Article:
NEW YORK (FRONTLINE MEDICAL NEWS) – A total aortic arch replacement approach that uses a four-branched graft with antegrade cerebral perfusion can be done with low rates of in-hospital death and complications, a large series from two institutions in Japan showed.

Kenji Minatoya, MD, of the National Cerebral and Cardiovascular Center in Osaka, Japan, reported that his institution’s approach for total arch replacement (TAR) had an in-hospital death rate of 5.2%.

Dr. Minatoya and his colleagues started using four-branch TAR in the 1980s, switching from retrograde to antegrade cerebral perfusion to protect the brain later on. “The study purpose was to investigate the results of total arch replacement using the four-branch graft as a benchmark in the endovascular era,” he said at the meeting, sponsored by the American Association for Thoracic Surgery.

The study involved 1,005 cases of total arch replacement performed at Dr. Minatoya’s center and at Tokyo Medical University from 2001 to 2016.

The study population included a cohort of 152 people in their 80s. The in-hospital death rate in this group was 11.8%, Dr. Minatoya said. The over-80 group mostly underwent thoracic endovascular aortic repair (TEVAR) beginning in 2008, he said, but in recent years some had open total arch replacement operations.

The univariate analysis showed that chronic kidney disease, long operation times, long durations for coronary bypass and circulatory arrest, and extended time on mechanical ventilation were risk factors for in-hospital death in octogenarians, Dr. Minatoya said. The multivariate analysis showed that male gender along with extended mechanical ventilation were risk factors for in-hospital death in this group, he said.

The overall population included 252 emergent operations, 224 of which were for acute aortic dissections, Dr. Minatoya said. The in-hospital death rate was 4.5% for elective operations and 7.1% for emergent cases, he said. The death rate for isolated, elective total arch replacement was 3.4%.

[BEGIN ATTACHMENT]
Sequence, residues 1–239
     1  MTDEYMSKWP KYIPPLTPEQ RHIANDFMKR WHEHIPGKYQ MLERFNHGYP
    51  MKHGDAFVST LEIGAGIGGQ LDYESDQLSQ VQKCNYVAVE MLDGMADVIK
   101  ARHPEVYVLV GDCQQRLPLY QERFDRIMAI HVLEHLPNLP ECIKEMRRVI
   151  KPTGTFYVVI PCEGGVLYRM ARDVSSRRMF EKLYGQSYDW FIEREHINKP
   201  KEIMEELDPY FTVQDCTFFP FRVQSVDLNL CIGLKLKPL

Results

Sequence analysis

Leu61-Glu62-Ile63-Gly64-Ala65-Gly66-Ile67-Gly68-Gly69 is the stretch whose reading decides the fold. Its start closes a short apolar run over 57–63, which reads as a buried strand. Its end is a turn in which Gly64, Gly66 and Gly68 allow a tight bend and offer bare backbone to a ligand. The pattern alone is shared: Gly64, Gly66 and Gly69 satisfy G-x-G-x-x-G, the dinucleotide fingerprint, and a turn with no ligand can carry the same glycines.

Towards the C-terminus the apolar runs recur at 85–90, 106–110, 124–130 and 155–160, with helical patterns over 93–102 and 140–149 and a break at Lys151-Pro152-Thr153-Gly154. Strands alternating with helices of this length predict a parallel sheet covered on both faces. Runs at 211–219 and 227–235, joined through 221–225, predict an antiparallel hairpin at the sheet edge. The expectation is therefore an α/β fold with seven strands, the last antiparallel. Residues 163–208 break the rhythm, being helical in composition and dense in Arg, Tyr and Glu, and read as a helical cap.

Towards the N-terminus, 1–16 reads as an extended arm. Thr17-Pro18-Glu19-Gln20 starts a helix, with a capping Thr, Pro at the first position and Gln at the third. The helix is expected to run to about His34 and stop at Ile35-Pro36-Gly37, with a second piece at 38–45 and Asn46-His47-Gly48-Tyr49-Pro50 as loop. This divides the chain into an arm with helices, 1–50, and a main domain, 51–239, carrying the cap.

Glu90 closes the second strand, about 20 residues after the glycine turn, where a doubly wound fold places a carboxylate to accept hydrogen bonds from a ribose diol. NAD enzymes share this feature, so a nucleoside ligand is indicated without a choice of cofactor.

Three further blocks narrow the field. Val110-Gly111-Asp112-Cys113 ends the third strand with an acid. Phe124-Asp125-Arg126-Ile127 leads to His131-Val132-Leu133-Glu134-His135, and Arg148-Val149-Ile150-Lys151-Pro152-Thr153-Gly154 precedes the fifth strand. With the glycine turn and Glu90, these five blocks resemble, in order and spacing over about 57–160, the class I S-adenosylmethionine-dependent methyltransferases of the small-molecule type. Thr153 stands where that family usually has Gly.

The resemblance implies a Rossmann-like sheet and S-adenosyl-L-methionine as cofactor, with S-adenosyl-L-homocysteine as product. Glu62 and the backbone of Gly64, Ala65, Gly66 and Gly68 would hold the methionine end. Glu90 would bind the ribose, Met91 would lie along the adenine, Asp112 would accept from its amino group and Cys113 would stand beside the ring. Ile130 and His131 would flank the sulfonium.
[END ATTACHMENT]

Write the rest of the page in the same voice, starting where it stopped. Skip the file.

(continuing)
Focusing on acute aortic dissections, Dr. Minatoya said, “We have adopted an aggressive strategy for entry-site resection, including total arch replacement, in patients with arch tears.” Almost 50% of patients with acute aortic dissection had total arch replacement, he said, with identical 4.9% rates for in-hospital mortality rate and permanent neurological deficit in this group.

The leading overall causes of in-hospital death were low-output syndrome (38.5%), sepsis (25%), respiratory failure (21%) and rupture of the residual aneurysm (9%), Dr. Minatoya said.

Fifteen patients (1.5%) underwent second operations for arch grafts, he said: 11 for pseudoaneurysm; three for hemolysis and one for infection. Other overall measures in the analysis were a permanent neurological dysfunction rate of 3.6%, a temporary neurological dysfunction rate of 6.4%, and no spinal cord complications. Overall 5-year survival was 80.7% and 10-year survival was 63.1%, Dr. Minatoya said.

A total of 311 patients had concomitant procedures. They included aortic valve operations (64); aortic root replacement (38); mitral valve replacement (13); and coronary artery bypass grafting (196).

The typical operation in the study population took about 8 hours, Dr. Minatoya said (482 minutes). Timing of key operative steps were cardiopulmonary time of 254 minutes, cardiac arrest time of 146 minutes, antegrade cerebral perfusion time of 160 minutes and lower-body circulatory arrest time of 62 minutes.

“Since the mean age was 70 years old, we think the survival rate was acceptable,” Dr. Minatoya said, regarding overall study results. Overall risk factors for in-hospital death were short stature, long pump time, chronic kidney disease, and age of 80 and up, he said. Short stature was a risk factor for permanent neurological deficit, and males over age 80 had a higher risk for total arch replacement.

“Total arch replacement using the four-branched graft with antegrade cerebral perfusion could be accomplished with acceptable early and late results,” Dr. Minatoya said. “The branched-arch TEVAR may be a good option for octogenarians and patients with chronic kidney disease.”

Dr. Minatoya had no financial relationships to disclose.


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